If, by a stroke of luck, you come up with something interesting or constructive to say, we'll have an online feedback form up shortly.

      Until then, hush.

      • Anonymous  

        "Hush." How telling. Of course people associated with IvyQ (and their corporate sponsors) laud the queer cause and walk and talk transgender rights while silencing the voices of those interested in substantive social justice. I'm sorry, but the fundamental reality is quite clear: supporting queer rights is a cop-out. It in no way threatens your social position; it gives you the allure of being an activist when in reality, all you are seeking is the acceptance of your own way of life while ignoring the structural inequality and violence experienced by more peripheral groups.

        While queer equality is nonetheless important, it must remain in context. Don't delude yourself into thinking that you're in someway novel or revolutionary when half of the conference was geared towards socializing and one of the three explicitly stated goals (see: posters on the Lerner ramps) was networking and creating a pan-Ivy league queer network. In other words, promoting elite solidarity and social exclusion except in queer form.

        • Matt Martinez  

          I appreciate your concern, and it's a problem we will take into consideration and work towards alleviating in the future. Thanks =)

          -Matt

        • Joey Shemuel  

          I don't know where you're getting such a one-sided view of the conference, but it's misguided any way you dice it. Let me clear things up, as someone who cares about substantive social justice and also helped organize the conference with that concern in mind.

          The point of NOT making the whole thing about marriage, or ENDA, or ROTC (as "queer" conferences tend to be, or to be perceived as), is to help people to see how queerness is more broad than these issues, connected to concerns as broad as non-conformity (of all kinds), class, race, and sex (all kinds of sex, including the kinds of sex that gets pornographers sent to jail and Presidents impeached). The Queer Farmer Film Project workshop, for example, explicitly addressed the ways in which queers can improve food policy and diet in disadvantaged communities of color, economic inequalities, and ecology. The HIV vaccine workshop, for another example, was about a vaccine -- not a vaccine for queers, but a vaccine for everyone. Low-income communities of color have as much to gain from HIV research as queers do.

          Your argument sounds a bit like Judith Halberstam's, but your willingness to trivialize queer issues as a concern only for a "way of life" speaks volumes about your own ignorance, as if heteronormativity isn't structural (ever read any trans-related court cases?), as if homophobia/transphobia/queerphobia isn't often violent.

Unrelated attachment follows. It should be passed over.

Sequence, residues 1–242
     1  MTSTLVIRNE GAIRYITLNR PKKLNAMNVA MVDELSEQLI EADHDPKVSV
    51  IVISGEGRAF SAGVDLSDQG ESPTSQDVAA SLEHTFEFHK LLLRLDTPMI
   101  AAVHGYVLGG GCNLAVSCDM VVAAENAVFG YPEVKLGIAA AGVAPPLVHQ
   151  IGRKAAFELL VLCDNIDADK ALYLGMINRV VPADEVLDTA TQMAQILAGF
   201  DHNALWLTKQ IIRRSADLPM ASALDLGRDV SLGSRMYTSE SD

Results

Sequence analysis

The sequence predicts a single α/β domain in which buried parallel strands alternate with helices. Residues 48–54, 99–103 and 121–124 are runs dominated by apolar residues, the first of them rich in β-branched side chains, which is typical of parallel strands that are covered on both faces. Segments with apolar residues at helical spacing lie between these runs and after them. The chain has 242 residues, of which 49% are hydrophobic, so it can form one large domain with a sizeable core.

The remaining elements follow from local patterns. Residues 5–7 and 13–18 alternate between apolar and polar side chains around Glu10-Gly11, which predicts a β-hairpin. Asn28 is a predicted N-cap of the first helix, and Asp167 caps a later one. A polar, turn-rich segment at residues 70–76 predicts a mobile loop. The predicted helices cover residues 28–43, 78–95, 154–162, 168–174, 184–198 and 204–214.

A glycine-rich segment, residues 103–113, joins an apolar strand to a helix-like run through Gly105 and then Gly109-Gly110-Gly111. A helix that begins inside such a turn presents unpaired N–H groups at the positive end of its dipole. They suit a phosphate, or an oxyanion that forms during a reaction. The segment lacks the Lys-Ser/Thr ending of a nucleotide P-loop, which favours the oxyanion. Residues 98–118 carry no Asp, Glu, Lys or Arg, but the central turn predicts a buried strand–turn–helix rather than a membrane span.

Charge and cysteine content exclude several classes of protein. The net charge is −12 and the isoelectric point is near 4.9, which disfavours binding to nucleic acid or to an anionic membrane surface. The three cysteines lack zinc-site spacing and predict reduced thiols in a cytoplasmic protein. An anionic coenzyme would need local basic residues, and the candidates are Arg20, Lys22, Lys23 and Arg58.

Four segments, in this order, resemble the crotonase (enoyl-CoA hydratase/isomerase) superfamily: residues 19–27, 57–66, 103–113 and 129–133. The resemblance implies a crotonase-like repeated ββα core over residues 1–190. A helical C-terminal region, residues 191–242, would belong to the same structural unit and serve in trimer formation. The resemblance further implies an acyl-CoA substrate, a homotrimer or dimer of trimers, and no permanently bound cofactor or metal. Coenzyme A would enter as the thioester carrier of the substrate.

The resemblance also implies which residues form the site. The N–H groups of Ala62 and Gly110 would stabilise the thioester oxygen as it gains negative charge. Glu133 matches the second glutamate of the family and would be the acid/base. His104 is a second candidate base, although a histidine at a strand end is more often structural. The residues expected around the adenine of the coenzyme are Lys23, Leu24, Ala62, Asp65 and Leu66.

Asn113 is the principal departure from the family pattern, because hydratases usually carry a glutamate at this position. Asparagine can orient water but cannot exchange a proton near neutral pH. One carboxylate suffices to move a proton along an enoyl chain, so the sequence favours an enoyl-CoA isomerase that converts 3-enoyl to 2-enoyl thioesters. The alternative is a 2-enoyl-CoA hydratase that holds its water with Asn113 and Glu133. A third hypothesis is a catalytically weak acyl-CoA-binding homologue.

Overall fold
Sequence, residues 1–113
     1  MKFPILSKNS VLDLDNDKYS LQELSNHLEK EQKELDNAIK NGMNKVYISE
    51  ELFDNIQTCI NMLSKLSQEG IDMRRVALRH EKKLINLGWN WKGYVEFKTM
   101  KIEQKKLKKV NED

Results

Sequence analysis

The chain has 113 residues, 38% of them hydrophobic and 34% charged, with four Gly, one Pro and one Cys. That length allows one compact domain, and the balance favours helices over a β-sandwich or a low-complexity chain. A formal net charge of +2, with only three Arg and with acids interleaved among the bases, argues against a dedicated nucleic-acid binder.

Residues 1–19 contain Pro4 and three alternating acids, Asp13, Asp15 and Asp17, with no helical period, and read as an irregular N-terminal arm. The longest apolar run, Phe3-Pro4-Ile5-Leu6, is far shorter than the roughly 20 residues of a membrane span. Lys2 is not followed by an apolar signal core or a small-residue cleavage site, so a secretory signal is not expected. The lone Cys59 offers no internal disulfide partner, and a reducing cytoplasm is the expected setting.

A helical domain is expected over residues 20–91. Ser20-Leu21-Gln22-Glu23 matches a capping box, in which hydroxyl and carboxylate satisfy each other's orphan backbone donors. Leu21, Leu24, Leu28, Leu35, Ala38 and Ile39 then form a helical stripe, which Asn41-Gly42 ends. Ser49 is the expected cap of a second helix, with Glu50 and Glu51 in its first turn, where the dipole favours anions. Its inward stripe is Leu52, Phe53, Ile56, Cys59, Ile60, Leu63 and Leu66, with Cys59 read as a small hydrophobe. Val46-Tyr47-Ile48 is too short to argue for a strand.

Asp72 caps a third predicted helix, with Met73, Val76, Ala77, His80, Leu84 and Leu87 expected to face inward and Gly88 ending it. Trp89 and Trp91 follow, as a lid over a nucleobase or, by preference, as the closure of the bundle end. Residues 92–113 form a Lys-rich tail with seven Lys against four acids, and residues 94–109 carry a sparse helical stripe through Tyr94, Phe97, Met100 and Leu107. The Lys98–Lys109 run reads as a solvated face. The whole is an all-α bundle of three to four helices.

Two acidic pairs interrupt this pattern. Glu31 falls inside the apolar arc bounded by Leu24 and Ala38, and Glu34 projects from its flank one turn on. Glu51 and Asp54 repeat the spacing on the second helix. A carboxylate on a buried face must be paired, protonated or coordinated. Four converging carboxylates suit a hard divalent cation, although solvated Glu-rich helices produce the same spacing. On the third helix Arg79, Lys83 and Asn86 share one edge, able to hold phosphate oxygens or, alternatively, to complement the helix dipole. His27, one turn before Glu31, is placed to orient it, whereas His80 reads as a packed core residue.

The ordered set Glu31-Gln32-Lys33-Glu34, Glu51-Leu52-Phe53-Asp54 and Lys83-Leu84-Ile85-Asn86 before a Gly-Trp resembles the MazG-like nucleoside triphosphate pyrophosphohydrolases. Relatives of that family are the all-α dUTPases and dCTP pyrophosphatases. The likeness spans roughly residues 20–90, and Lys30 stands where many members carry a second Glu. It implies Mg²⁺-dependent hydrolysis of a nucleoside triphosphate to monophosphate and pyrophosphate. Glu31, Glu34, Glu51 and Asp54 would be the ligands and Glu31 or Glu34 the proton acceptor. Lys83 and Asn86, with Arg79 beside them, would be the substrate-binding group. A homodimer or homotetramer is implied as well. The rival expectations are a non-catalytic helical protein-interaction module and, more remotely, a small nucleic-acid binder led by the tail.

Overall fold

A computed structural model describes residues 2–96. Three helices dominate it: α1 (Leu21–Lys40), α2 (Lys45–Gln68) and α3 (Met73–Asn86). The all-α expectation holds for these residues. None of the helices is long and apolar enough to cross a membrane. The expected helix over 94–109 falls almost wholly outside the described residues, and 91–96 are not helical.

So you're right: "hush" was an unproductive response. If you want to contribute to the future of this conference and make it more attuned to social justice (as I do), as Matt said, we welcome your input. But you'll have to actually get past your own knee-jerk judgments and sterotypes first.

  5. Gramsci  

    Cultural hegemony packaged in queer, lady-Gagafied form.

  6. Anonymous

    Since when did being gay become a bullet point on a resume? You gays are going to hell.

    • God  

      Due to this invocation of religious imagery, I feel I must respond.

      You sir, are a tremendous waste of a human being. I know I am supposed to have an omnipotent plan and all, but I honestly can't remember why I let douches like you into this world.

      I hope Satan has reserved a special circle for ignorant morons like yourself.

  7. Campus Rad

    I don't think they were claiming to be revolutionary at all. They also weren't "silencing the voices of those interested in substantive social justice". Not only are your dime-store critical theory strawmen insulting to the work of real radicals, but they don't work on Columbia students, so why don't you take it to Queerty or Crooked Timber.

  8. Joey Shemuel  

    We weren't claiming to be revolutionary or non-revolutionary (and certainly not pro status quo). I think we programmed a wide variety of workshops and speakers, and allowed for a diversity of opinion in our discussions. Some people at the conference -- some of whom might call themselves radicals ("real" ones, presumably) or revolutionaries -- were certainly interested in substantive social justice, and they were heard.

  9. Anonymous  

    I attended and thought it was generally a very good conference. However, I was really disappointed by the lack of any female-oriented events. This is hardly surprising considering how most "LGBT" events are just about the "G". (Although props on having some good bi and trans events).